That is another week gone. Finally got all the paperwork sorted following the split from my partner so now I hopefully can pick myself up, and move on, all be it £50K lighter. Still, I have got my house so that is one thing. The have been lots of silly things in the news this week. Lots of serious stuff too. Raising the price of each unit of alcohol and the continuing woes of the banking industry. Sort of all a bit beyond me.
If there has been one thing that has happened over the past six months it is that I have once again started listening to the radio more. Nothing too heavy, the odd play on Radio 4, and plenty of tunes from Magic 1170 on Teesside. It just reminds me that radio today is so different from that which I enjoyed so much as a teenager at school in Liverpool. My trusty little Woolworth’s Vesta V70 my constant companion during breaks from school lessons during the day, and my bedtime friend overnight. In those days I suppose I was a little bit on the serious side being a regular listener to programmes like Today, The World At One and PM along with The World Tonight. Of course, there was no where near as much choice back then, as there is now. You had the four national networks, and if you lived in an area that had one, you had a BBC local, until 1973, on VHF only. At least where I was, the were the National variations on Radio 4, for Wales, Scotland and Northern Ireland which sometimes produced some good radio listening. Radio Eireann also had some great shows, like their top twenty show on a Saturday morning and of course their coverage of the Gaelic sports. But at night, the medium wave came alive with other more interesting gems. Yes, Radio Luxembourg came booming, and fading in. The only real source of pop music after Radio 1 joined Radio 2 at about 7 pm. However, there were other delights, Radio Northsea International was one. They had a100 Kilowatt transmitter, on a boat somewhere off the Dutch coast. Reception was not brilliant on 220 metres but it was an alternative to Luxy. It was later in 1973 joined by a weak Radio Caroline and in 1974 Radio Atlantis, which was even weaker. But there were also a number of International broadcasters that both entertained and informed listeners. Deutsche Wella, Radio Sweden and Radio Moscow to name but a few. I always found Radio Tirana an interesting listen, if only for the politically polarised way that they reported news stories. The IRA were freedom fighters, the British Coal Miners were oppressed workers of the British State. You know what I mean. But, it was listening to radio that gave me the background to the news that I saw on television and talked about in our English and Geography lessons. It was also all that listening that made me really want to get into radio and be on the other side of the microphone. Oh I could go on.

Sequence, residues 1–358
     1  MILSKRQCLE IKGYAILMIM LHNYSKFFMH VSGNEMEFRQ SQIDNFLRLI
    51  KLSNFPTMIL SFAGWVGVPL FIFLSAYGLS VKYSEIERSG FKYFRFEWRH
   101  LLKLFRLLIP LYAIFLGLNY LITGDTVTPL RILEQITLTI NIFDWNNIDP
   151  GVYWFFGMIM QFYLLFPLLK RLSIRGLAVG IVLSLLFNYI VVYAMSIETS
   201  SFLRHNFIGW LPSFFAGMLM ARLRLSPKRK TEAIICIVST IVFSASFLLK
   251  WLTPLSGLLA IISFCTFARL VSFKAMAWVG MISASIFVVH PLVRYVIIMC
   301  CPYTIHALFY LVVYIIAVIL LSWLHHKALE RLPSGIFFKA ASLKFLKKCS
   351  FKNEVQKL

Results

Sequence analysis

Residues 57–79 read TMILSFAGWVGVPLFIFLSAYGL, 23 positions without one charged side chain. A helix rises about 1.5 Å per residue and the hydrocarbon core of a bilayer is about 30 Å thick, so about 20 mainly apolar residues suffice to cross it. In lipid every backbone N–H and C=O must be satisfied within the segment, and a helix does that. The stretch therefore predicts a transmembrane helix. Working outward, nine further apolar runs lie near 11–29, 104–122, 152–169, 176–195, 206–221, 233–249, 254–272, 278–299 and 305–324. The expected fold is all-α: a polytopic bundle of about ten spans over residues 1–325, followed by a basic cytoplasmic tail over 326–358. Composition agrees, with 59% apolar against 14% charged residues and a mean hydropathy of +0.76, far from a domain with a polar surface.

That is it for this week though. Suppose I better cut the lawn. If you have a comment or you have radio memories, email me, firstname.lastname@example.org.